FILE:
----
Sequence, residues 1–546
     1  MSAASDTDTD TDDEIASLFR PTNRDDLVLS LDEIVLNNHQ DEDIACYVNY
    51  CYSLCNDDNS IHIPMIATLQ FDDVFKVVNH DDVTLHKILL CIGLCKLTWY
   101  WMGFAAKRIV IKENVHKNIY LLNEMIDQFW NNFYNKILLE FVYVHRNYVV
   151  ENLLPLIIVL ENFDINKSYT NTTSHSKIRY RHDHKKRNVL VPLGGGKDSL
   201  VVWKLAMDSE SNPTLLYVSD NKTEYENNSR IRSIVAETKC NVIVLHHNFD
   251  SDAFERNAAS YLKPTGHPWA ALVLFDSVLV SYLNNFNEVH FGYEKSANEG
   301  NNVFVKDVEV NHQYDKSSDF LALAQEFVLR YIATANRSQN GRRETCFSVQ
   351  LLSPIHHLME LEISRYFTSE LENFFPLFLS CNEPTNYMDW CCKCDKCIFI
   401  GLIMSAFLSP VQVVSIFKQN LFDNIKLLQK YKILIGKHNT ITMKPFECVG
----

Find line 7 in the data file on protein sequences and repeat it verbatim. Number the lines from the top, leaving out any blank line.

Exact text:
   251  SDAFERNAAS YLKPTGHPWA ALVLFDSVLV SYLNNFNEVH FGYEKSANEG